Volunteerism still thriving in Lehi

Donna Barnes | Lehi Free Press

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On the worst wintry morning in Lehi this year, a troop of Boy Scouts and their leaders faced the snow and wind to place flags in the yards of hundreds of residents out of respect for George Washington and Abraham Lincoln, and to honor President’s Day. This sacrifice is typical of the many acts of community service performed so often in our city.

Many Lehi residents remember when recreation sports programs for Lehi City were staffed entirely by volunteers. Mike Hansen and his family organized and ran the baseball program for many years. The task was daunting, but the teams were organized, coaches were found, umpires trained, and fields groomed by the Hansen family. Mike and his brother, Jay, even found time to coach a team of 12-year-old boys to a state championship.

There is a bronze statue in the food court of the Legacy Center honoring the work of Hansen. His legacy as a volunteer will be remembered into perpetuity.

Carl (Blackie) Harris, was a longtime champion of Lehi’s youth. He organized a basketball league, softball league, football, and baseball programs in the 60’s through the 80’s. Many young people found their gifts and talents on the playing field, or basketball court because of Harris’ love of sports and his dedication to the young people of Lehi. Harris also revived the American Legion when it’s membership was dwindling.

The work of Lehi’s Civic Improvement Association is legendary as a massive volunteer effort. Dedicated men and women work tirelessly all year to provide Lehi with the annual Lehi Round-Up. The hours and hours of volunteer work help provide a memorable event for thousands each year.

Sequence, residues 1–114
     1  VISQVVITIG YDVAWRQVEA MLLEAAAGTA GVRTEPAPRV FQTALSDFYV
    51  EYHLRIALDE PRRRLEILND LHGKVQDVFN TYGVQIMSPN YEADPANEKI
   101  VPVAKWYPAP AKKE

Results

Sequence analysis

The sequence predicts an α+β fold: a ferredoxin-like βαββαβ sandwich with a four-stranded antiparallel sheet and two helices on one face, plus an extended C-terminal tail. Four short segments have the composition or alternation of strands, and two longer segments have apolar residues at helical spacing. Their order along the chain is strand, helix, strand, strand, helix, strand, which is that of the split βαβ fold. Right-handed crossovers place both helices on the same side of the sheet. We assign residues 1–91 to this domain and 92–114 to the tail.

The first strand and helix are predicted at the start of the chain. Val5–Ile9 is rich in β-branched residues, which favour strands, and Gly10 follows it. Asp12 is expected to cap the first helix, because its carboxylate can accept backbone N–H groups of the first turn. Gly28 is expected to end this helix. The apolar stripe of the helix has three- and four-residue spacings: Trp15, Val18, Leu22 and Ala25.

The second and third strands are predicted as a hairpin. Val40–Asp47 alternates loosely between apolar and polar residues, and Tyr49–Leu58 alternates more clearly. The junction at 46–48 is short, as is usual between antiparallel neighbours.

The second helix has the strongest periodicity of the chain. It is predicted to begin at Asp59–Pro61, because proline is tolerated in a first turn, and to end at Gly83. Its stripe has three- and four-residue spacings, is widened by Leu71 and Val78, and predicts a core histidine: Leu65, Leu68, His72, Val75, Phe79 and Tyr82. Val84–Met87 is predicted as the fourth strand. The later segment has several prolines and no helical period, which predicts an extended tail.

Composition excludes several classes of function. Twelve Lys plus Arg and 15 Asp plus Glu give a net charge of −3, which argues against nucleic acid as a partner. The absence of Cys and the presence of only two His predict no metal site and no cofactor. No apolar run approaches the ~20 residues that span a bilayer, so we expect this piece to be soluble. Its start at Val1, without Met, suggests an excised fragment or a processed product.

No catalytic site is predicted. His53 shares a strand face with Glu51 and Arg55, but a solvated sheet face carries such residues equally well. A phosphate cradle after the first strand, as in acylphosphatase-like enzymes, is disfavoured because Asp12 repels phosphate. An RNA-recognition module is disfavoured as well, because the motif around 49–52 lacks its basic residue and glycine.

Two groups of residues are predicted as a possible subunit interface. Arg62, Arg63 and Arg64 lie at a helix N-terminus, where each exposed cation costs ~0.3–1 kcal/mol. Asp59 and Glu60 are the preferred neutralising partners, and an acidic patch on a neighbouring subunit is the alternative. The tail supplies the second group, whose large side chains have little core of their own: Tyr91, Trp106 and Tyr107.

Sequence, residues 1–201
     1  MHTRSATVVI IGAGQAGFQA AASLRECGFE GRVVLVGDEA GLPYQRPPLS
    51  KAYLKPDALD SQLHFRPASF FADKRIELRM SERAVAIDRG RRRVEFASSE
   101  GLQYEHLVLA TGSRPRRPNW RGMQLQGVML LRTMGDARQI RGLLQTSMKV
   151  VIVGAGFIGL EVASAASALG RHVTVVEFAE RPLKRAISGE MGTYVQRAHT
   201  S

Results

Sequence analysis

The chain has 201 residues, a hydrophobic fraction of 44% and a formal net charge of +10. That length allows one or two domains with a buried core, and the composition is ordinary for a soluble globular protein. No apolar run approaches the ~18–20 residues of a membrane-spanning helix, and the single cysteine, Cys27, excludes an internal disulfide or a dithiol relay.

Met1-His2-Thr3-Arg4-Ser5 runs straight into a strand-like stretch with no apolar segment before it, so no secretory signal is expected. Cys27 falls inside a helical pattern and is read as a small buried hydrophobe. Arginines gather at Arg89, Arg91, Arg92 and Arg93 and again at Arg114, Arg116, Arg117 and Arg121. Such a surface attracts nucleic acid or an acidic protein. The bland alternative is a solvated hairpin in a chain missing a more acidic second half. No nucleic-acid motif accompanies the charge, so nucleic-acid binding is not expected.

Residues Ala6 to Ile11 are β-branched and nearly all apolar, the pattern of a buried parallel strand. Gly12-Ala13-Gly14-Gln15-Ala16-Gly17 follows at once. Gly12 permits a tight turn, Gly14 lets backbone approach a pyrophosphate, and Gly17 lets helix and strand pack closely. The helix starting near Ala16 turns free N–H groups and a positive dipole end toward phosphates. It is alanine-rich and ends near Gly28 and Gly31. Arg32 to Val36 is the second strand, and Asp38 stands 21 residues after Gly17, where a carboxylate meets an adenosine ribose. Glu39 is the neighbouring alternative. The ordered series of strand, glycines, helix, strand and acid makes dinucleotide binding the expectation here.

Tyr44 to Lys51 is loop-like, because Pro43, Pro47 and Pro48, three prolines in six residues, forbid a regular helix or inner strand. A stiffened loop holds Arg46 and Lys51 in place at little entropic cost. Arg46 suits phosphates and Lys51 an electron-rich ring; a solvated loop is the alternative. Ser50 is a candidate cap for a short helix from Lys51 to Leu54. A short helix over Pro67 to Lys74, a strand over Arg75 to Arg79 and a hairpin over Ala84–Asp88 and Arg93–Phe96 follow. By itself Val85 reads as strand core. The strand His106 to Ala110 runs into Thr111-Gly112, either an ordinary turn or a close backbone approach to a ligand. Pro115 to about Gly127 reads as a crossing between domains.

Up until several years ago, a group of civic-minded, hardworking citizens organized the Lehi Miniature Parade. Susan Peterson and Dixie Wilson spearheaded the event. Floats were built and decorated by ward volunteers who found great satisfaction in seeing their handiwork admired by the thousands who lined the parade route to see this unique event.

The Rippy Literacy Center and its programs are also the culmination of the volunteer efforts of Hester Rippy. Rippy turned a ward assignment into a citywide program that has aided literally thousands of youngsters and adults in improved literacy.

Former Mayor Ken Greenwood remembers when he traveled to New York City to present Lehi’s bonding effort to a group of investors. “I had no idea what I was going to say,” explained Greenwood. On the elevator ride to the top of the sky scraper overlooking the Statue of Liberty, I put my hand in my pocket and pulled out Mike Hansen’s funeral program. I immediately knew what I had to say to sell our projects to the bonding financiers.” Later in the day, a representative from the bonding company said, “Mayor Greenwood, your story of the volunteering efforts of your city impressed our board. We are happy to give Lehi City our company’s highest bond rating.” “The Mike Hansen story saved Lehi City literally hundreds of thousands of dollars!” exclaimed Greenwood.

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